International Symposium Examines Climate Change Effects on North Atlantic Cod Stocks

by Harold P. Batchelder

Several members of the community of U.S.GLOBEC scientists attended the ICES Symposium on Cod and Climate Change, in Reykjavik, Iceland, 23-27 August. We were welcomed to Reykjavik, Iceland by the President of Iceland, Vigdis Finnbogadottir. She noted how it was appropriate that Iceland host the symposium on Cod and Climate Change since historically, cod (and fish, generally) have been extremely important to the people of Iceland. Farms were too unproductive to sustain a family and fish were an important food of the earliest Icelanders. The President quoted an old Icelandic saying, "Lifid er saltfiskur"--translated "Life is Fish". In days past, codfish were a form of currency, with one cow equal in value to several "well-fed" ewes or "240 fat and juicy fish". Further illustrating the importance of fish, and especially cod, to the Icelanders is the Insignia of Iceland (Icelandic Coat of Arms introduced in 1591) which depicts a split, dried cod with a crown. Following the President's welcoming address, we enjoyed three Icelandic Folk songs, a Finnish boat song, and an Irish Folk song performed by a choir of young Icelandic singers. All in all a very pleasant, and unexpected, way to open an international symposium. After the President of ICES, D. de G. Griffith, and the convenor of the symposium, Jakob Jakobsson made their opening remarks, the scientific sessions began. One advantage to the ICES symposium format is that there is only a single scientific session at one time--meaning that the participants are able to hear every presentation. For the Cod and Climate Change (hereafter CCC) symposium, the presentations were divided into eight scientific sessions.

Session 1. Historic Overview. [4 oral, 3 posters]--This session highlighted changes in cod stocks and cod fisheries using diverse data sources ranging from anecdotal reports from Icelandic Annals, population trends, taxation levels, more recent catch statistics, and bioarcheology (estimation of the size of codfish from bones found in archeological sites).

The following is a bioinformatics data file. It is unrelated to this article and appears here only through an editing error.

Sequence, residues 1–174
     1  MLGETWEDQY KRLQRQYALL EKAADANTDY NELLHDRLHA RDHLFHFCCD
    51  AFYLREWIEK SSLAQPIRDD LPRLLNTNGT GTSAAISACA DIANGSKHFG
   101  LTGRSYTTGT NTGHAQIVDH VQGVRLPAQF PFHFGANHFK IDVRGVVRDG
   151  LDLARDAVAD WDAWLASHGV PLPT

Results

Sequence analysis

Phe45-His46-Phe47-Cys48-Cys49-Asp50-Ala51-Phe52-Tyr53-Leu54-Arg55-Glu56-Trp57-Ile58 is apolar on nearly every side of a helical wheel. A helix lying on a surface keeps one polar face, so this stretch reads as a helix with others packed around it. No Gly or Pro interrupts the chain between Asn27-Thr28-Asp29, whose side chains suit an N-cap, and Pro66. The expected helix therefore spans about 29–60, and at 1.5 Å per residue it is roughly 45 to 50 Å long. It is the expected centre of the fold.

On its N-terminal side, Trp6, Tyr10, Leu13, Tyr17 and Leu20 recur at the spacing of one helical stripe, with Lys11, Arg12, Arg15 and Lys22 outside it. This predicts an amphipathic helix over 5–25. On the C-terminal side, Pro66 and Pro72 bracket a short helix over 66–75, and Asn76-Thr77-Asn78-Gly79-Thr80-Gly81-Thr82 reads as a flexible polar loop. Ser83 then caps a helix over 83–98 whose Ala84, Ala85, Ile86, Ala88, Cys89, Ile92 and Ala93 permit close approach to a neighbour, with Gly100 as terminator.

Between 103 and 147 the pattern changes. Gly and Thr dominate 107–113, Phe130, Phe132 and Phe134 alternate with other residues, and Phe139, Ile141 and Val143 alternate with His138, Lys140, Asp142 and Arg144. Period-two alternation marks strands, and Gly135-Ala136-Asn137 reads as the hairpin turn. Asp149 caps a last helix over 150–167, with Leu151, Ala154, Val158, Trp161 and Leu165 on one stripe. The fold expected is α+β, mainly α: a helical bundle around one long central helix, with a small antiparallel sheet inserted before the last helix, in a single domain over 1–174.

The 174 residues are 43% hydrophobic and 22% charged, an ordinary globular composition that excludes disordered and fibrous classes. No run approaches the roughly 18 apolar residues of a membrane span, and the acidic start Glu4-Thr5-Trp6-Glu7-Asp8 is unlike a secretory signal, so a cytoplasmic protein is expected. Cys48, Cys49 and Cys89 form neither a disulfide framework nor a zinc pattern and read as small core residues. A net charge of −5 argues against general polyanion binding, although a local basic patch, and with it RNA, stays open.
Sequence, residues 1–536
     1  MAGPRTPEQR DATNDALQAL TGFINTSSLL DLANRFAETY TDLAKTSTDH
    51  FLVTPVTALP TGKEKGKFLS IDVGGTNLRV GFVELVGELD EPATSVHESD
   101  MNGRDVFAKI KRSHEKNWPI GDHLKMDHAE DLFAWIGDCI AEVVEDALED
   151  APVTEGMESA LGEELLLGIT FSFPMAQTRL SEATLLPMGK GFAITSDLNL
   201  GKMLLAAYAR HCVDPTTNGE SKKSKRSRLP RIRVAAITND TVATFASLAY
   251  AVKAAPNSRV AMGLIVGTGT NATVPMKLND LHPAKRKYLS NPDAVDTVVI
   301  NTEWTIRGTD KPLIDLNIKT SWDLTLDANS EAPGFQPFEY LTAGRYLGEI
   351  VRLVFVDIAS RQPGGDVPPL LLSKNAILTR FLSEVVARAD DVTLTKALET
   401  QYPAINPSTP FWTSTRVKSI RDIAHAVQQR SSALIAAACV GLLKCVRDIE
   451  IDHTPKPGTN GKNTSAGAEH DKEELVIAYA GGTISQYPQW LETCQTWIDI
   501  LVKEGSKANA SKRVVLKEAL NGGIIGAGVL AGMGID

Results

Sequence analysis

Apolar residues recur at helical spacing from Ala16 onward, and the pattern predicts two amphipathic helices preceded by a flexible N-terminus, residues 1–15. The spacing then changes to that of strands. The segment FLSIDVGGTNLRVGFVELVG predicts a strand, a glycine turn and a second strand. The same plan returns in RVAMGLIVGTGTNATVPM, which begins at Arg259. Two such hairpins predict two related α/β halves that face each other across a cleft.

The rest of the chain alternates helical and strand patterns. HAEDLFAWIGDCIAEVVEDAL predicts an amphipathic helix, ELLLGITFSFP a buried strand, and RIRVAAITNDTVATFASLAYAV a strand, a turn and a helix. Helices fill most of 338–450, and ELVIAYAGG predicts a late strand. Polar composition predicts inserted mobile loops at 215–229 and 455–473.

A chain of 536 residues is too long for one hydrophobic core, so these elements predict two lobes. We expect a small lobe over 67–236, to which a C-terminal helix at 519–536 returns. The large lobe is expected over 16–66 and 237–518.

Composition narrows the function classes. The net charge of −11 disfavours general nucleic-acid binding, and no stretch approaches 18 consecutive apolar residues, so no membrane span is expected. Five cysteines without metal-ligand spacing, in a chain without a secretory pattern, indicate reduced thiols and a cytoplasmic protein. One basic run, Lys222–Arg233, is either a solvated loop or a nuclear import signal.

Session 2. Diagnosis of the causes of trends and fluctuations in cod stocks, with reference to environmental influences, anthropogenic influences (fishing, pollution), and interactions with other species (including marine mammals and birds). [12 oral, 3 posters]--During this session overviews were presented of changes in both fisheries and environmental factors for each distinct major cod stock. NW Atlantic (Georges Bank, Scotian Shelf, Gulf of St. Lawrence, Labrador and Newfoundland), Iceland-Greenland complex (Greenland and Iceland stocks), NE Arctic (Arcto-Norwegian stock) and marginal or enclosed sea (North Sea and Baltic) stocks were discussed.

Session 3. Physical (meteorological and oceanographic) processes and models of a) North Atlantic circulation and shelf systems and b) regions of importance of cod, with special emphasis on changes to be expected in the physical environment of cod. [5 oral, 4 posters]--Papers in this session directly addressed the focus of the symposium--how does (or has) climate affected the abundance and/or distribution of cod in the North Atlantic. Large-scale circulation changes, effects of the Great Salinity Anomaly, and shelf circulation are some of the "climate-related" processes that were demonstrated (or hypothesized) to affect the physical environment of cod.

Session 4. Models of bio-physical processes influencing the dynamics of cod populations. [7 oral, 3 poster]--Papers in this session ranged from effects of the environment on the smallest scales influencing swimming and feeding behavior of larval cod, and fertilization success of spawned eggs, to larger scale advection and transport and its effects on residence times of cod eggs and larvae in suitable habitat. Dr. Gregory Lough (National Marine Fisheries Service, Woods Hole) presented results from a modelling study of retention time of cod eggs and larvae on Georges Bank that he and his coworkers have done with U.S. GLOBEC funding.

Session 5. Biology of cod (eggs, larvae, juveniles, and adults), stock identity, migration, stock structure, recruitment processes, and population dynamics. [16 oral, 19 posters]--This, the largest, session included presentations on a broad range of issues related to stock structure (age and size at maturity, growth dynamics, temperature preferences, migration patterns) and recruitment--all with a view towards the effects of environmental conditions, and changes thereof, as a determinant of observed patterns. Most presentations were restricted to results from a single cod stock. Dr. Keith Brander (Lowestoft, UK) argued that the research findings accumulated for separate regional cod stocks are of considerable value in generating hypotheses when compared inter-regionally. Through such comparisons of patterns of occurrence, growth and survival in different areas, ideas may emerge that are not evident from single site results alone.